As it turns out, the key to my father-in-law’s heart was chocolate cake. But not just any chocolate cake – THE chocolate fudge cake from his favorite childhood bakery.
Green’s was the place to go on Chicago’s south side. Family-run and operated, they churned out all manner of sweetness to delight the neighborhood until closing in 1974. My F-I-L has been dreaming of their chocolate fudge cake ever since.
Whenever we’re together, I receive a near dissertation on the cake’s merits. He loses himself in the telling, eyes focused on a distant memory, tone softening, losing its trademark smart aleck edge. He is all sincerity as he describes the “dense layers of cake; not too dark in color, more like milk chocolate.”
And the chocolate frosting: “Thick as fudge! Not like that fluffy canned b.s. they try to pass off as frosting. This is the real deal – and it’s the same color as the cake – THE SAME COLOR.”
My husband’s aunt was also under THE cake’s spell. She vividly recalls visiting her older sister and her husband (my in-laws) as an 11-year old, and eating THE chocolate fudge cake for breakfast, “Cold from the refrigerator, with a tall glass of milk. Mmmmmmmm!”
They wanted chocolate fudge cake? I’d give them chocolate fudge cake.
Listening avidly, and jotting down every fevered detail, I promised to deliver the first cake in two weeks when everyone would be together again. The two fanatics were giddy with anticipation – giggling even.
“You know, you don’t have to do this,” my husband whispered. Oh, but didn’t I?
So…I’m a bit of a research fiend. The thought of tracking down an Heirloom Chocolate Cake Recipe tickled me. My husband found this hilarious: “I’ve heard of heirloom tomatoes, but heirloom cakes?” Oh, they exist…and it was my mission to test the best of the bunch.
I’d start with “Dense Chocolate Cake with Fudge Frosting”. The blogger’s post was sprinkled with family photographs – generations of smiling, content chocolate cake eaters, plus a picture of the original recipe in her great grandmother’s timeless cursive. Promising. But the tests would tell.
Before I continue, I have always said everyone could use an Austrian great grandmother. Mine taught me two important things:
- Food is love (and we love to feed people)
- If it’s “no good”, throw it away
Test # 1: EPIC FAIL. Oh my awfulness. This cake was garbage, displeasing to the eye and the palate. Dry, flavorless, and more pink than brown. I took one bite and immediately chucked it. Next!
Recipe #2 was not exactly an heirloom, but the ingredients thrilled me. Calling for cocoa powder and boiling water – a dream combo known to produce rich chocolate flavor and color, with a dense texture, bordering on brownie-like fudginess. Even I, a non-chocolate eater, was eager to taste this cake. (What? A pastry chef who doesn’t like chocolate? Yeah, yeah. I know.)
Test #2: GETTING WARM. Although darker in color than I suspected my father-in-law would like, the texture was ideal – dense, yet moist. Satisfied so far, I whipped up my chocolate fudge frosting – a killer combo of melted semi-sweet chocolate, milk, butter and confectioner’s sugar that whips up billowy and lush, and frosts to a thick, rich decadence – assembled the cake and we hit the road…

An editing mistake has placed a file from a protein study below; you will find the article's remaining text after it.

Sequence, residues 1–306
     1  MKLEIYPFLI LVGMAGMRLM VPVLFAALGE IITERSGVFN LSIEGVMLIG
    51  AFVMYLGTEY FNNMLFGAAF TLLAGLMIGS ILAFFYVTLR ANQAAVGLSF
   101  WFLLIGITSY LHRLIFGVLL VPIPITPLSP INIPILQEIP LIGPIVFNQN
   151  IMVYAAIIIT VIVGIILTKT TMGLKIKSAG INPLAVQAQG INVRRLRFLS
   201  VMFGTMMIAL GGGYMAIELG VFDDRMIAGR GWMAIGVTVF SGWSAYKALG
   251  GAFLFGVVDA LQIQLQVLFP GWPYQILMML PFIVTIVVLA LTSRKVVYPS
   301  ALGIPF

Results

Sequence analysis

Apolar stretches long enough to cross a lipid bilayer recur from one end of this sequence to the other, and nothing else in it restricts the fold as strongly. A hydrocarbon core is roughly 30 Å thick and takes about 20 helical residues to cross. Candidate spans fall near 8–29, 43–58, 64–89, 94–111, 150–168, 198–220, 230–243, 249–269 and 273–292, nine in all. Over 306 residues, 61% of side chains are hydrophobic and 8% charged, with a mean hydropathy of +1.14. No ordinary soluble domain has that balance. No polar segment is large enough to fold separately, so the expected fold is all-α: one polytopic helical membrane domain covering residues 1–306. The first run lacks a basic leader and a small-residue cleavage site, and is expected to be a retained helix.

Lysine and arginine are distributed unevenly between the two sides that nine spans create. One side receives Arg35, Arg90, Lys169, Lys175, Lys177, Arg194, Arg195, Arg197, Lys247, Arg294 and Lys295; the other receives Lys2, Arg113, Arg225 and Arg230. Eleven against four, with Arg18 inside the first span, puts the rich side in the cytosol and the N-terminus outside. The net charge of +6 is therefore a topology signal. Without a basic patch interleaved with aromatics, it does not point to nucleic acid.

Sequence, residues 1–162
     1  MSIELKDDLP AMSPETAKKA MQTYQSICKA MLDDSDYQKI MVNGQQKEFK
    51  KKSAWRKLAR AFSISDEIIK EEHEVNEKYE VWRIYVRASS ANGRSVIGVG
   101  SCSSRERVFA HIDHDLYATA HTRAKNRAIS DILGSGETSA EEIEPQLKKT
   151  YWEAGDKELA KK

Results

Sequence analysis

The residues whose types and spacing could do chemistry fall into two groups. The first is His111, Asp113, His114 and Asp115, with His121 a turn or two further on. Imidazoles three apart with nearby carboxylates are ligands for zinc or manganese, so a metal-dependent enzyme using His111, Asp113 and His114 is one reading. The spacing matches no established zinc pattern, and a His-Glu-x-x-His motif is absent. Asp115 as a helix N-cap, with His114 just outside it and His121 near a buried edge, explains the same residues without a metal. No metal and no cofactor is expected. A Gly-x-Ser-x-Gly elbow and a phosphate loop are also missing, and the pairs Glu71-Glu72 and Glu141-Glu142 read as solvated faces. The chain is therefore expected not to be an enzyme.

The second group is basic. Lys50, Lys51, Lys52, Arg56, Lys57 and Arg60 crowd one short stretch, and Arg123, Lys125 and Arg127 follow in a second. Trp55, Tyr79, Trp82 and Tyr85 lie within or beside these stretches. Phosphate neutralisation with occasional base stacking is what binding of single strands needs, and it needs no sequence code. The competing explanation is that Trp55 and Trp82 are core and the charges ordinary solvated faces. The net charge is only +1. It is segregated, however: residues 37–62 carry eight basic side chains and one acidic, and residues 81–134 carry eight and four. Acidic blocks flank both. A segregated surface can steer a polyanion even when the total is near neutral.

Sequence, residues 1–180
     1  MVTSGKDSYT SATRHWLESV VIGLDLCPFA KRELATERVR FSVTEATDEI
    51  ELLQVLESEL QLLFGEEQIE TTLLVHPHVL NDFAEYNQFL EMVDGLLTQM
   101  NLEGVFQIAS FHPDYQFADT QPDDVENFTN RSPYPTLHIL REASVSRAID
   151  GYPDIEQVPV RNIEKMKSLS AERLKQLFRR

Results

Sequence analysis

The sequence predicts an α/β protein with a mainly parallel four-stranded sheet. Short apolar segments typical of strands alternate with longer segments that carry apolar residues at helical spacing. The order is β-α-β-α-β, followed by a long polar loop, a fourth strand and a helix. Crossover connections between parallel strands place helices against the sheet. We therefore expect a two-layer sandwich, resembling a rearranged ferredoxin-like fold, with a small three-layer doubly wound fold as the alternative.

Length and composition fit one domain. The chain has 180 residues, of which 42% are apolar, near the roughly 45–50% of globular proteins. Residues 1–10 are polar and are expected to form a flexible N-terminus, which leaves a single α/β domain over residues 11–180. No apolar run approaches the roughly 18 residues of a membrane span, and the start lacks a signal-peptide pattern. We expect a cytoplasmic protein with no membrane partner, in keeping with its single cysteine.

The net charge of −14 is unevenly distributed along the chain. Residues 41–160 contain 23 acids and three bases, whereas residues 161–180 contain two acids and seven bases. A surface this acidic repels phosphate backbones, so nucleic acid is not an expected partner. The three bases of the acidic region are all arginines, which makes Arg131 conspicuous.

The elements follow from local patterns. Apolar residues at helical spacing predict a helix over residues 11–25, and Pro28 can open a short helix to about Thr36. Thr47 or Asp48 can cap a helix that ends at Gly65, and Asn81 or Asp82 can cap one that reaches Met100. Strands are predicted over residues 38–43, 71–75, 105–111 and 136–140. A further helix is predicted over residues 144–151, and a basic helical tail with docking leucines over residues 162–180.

Would my father-in-law and his sister-in-law approve? My husband’s aunt did a happy dance. She loved everything about this cake. My F-I-L, on the other hand, was a bit more picky particular.
“The texture is perfect”, he said between bites, “The frosting is exactly right. But the cake is too dark. It should be the same color as the frosting.”
Ah. That again.
He continued, “Just take out some of the chocolate and bake it again.”
HA! I love it when non-bakers throw out suggestions like that. With cooking, you can totally Swedish Chef it up; with baking…not so much. Baking is a science, and a very precise one at that. You have to balance the fats, sugars, and starches just-so for a baked good to turn out right. Remove “a little” cocoa, and you have to add back some extra fat some other way. Now, I’m all for trial and error, but how many cakes would I have to throw away?
No more, as luck would turn out. My mom called to ask me a question about a frosting she was making for a cake…a 1944 Wellesley College recipe for “fudgy chocolate cake“! Providence!
“Tell me more about this cake”, I implored. “What color is it?”
Her answer pleased me greatly: “Very light brown – almost milk chocolate in color.”
I asked for the recipe and got to work immediately. We would see my F-I-L again on Christmas Eve – what better present than THE chocolate fudge cake?
Test #3: PURE MAGIC. Milk chocolate color? Check. Dense crumb? Check. Mild chocolate flavor? Check. This might be the one! I whipped up my frosting (the original, F-I-L-tested, F-I-L-approved recipe) and assembled the cake, eager as a kid for Christmas to come.
When I walked through the door with our cake carrier, my father-in-law’s eyes lit up.
“Is that what I think it is?”, he asked, practically skipping to accept his prize. He carried that cake with the extreme care one shows a newborn baby. It warmed my heart.
He could barely get through dinner fast enough, he was so excited. And then FINALLY…
“The color’s perfect!” He proclaimed, slicing himself a generous wedge.
No one could take their eyes off him as he took that first bite. He closed his eyes and chewed slowly. With a satisfied sigh, his posture softened and he sunk back into his seat. Setting down his fork, he finally opened his eyes and looked at me, “You did it, kid. This is the cake. You did it!” And then he Fantastic Mr. Fox‘d it up.
I always knew food memories were strong. But this was the first time I’d witnessed a food’s transformative power. With one bite of that chocolate fudge cake, my F-I-L was a little kid again. Life was easy. Life was delicious.
Pass a fork.